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  • Susie Csorsz Brown

Focus on the good

Focusing on the good

When you’re in the midst of a heated ‘discussion’ with your kid (no matter their age), I would be willing to bet the last thing you are thinking about is any one of that child’s good qualities. Oh, we’ve all been there. The blind anger you are probably feeling makes everything fade away but that one issue. Grrr! This is the point at which any parent will feel the most challenged. Is there any way to help make this situation any easier? Yes, but it involves you reframing your thoughts, a process which can take some practice. So, homework time.

Yup, I’m going to tell you to do some homework.

These tense, potentially-angered-filled moments are the perfects sorts of situations when it is most helpful to remind yourself of just what it is you admire about your child. Not right at that moment, because that won’t be real. Right now, in the middle of your 'discussion,' it is probably best you just step back and leave the room. I am suggesting instead, every day, at some point when you are comfortable, at ease and able to focus, I am asking you to sit and focus on your child(ren). Think about what you admire about them. Try to write at least three things about that child. And please do, take the time to write these thoughts down. Now, here’s the tough part: repeat the next day. And the next. Soon, it won’t be focusing on the individual qualities; perhaps soon you will be thinking about the three best things you did together that day. This task will get easier and easier, I promise.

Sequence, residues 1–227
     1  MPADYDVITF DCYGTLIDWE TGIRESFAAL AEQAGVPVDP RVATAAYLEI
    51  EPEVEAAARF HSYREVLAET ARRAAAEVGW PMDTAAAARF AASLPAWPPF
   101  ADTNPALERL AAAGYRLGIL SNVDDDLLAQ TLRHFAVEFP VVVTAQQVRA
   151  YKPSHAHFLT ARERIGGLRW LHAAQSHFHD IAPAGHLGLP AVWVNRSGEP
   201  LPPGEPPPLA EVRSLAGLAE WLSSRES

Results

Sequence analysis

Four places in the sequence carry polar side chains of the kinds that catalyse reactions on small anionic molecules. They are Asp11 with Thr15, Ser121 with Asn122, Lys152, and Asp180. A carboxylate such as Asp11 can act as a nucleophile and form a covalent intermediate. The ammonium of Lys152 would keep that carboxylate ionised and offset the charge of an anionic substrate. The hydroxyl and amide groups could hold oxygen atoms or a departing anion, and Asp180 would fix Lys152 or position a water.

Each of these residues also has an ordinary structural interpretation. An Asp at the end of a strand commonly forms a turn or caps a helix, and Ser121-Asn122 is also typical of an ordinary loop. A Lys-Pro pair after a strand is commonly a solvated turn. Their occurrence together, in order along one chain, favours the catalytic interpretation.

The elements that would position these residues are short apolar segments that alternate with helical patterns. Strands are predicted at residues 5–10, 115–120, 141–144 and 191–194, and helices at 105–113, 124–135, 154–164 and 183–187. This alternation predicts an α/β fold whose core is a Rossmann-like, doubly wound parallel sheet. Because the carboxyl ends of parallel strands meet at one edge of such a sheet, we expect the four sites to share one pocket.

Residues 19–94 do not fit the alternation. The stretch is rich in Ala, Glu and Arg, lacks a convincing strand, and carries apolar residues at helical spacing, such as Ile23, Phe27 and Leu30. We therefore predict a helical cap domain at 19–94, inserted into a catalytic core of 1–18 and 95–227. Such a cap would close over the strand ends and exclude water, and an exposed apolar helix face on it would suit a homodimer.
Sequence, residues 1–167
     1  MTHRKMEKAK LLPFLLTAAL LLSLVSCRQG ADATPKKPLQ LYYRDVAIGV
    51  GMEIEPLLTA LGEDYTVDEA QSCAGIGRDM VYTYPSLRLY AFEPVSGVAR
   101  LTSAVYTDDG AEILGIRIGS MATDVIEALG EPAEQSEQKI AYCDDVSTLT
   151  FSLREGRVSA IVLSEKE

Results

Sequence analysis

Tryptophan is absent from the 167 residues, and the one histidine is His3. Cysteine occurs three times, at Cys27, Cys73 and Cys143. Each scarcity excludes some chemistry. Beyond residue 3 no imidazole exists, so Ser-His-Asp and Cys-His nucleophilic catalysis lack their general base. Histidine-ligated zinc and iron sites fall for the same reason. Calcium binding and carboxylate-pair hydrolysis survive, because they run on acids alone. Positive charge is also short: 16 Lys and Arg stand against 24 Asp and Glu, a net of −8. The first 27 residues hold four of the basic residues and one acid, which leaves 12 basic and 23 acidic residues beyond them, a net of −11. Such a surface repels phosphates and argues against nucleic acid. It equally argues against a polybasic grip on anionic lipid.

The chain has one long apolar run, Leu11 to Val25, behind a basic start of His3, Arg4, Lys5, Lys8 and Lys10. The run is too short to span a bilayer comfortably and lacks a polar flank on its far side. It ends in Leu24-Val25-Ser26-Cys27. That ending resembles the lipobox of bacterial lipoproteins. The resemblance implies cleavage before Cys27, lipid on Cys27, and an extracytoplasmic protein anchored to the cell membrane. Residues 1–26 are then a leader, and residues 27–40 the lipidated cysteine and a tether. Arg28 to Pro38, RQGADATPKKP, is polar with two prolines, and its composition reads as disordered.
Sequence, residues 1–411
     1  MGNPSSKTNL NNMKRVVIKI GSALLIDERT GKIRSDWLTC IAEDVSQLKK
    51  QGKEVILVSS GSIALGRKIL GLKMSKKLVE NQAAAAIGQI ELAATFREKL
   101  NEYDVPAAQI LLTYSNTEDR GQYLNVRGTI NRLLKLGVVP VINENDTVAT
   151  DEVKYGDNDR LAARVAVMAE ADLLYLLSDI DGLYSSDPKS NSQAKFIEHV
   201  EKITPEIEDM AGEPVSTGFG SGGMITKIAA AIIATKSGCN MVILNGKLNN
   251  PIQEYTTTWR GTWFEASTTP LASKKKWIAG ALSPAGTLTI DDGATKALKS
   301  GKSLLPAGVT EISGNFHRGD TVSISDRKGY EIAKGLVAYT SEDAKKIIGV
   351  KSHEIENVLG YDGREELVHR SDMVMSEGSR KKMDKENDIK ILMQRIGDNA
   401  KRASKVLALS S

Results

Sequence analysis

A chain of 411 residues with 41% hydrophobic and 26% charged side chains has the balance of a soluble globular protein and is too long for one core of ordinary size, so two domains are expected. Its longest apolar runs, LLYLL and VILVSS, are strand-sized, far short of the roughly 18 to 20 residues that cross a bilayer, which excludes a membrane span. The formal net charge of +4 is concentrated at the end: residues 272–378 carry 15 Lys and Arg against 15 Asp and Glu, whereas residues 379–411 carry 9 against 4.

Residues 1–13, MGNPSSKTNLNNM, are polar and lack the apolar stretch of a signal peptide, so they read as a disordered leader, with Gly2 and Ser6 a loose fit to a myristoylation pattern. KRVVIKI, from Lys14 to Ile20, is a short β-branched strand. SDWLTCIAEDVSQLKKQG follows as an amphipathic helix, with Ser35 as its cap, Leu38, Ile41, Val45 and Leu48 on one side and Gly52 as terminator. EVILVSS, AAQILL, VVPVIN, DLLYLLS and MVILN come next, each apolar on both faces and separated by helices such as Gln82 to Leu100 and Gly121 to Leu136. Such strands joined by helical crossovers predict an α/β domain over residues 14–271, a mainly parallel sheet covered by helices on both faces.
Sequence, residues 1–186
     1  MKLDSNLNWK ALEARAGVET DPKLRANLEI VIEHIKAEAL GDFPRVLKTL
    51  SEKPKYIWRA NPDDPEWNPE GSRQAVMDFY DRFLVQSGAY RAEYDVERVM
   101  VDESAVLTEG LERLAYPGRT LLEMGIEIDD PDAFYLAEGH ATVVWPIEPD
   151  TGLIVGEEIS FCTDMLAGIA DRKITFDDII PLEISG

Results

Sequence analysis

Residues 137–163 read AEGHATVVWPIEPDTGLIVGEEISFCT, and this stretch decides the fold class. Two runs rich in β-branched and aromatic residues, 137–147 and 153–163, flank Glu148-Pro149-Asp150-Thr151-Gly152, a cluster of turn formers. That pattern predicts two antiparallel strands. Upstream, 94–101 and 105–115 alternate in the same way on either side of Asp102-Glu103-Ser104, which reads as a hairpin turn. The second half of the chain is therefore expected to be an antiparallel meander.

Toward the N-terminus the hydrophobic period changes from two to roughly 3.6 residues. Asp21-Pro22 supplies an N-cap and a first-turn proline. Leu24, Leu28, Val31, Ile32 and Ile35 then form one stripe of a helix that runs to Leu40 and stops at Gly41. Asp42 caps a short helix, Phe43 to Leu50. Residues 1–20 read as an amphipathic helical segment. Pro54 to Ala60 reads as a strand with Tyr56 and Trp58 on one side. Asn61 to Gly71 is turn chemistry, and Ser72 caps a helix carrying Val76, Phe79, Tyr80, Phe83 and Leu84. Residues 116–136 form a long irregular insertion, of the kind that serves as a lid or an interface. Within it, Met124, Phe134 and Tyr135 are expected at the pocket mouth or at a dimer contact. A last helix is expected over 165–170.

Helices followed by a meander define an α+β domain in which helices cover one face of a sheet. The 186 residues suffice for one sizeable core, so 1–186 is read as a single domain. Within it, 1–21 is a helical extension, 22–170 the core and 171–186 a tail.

Soon, you will notice a difference in your interactions. By focusing on the positive, you will see your child in a different light. You will view them and their opinions differently. And once the kids see your efforts, they will respond in kind. This isn’t an instantaneous reaction, but it will come.

And it will make your efforts worthwhile.

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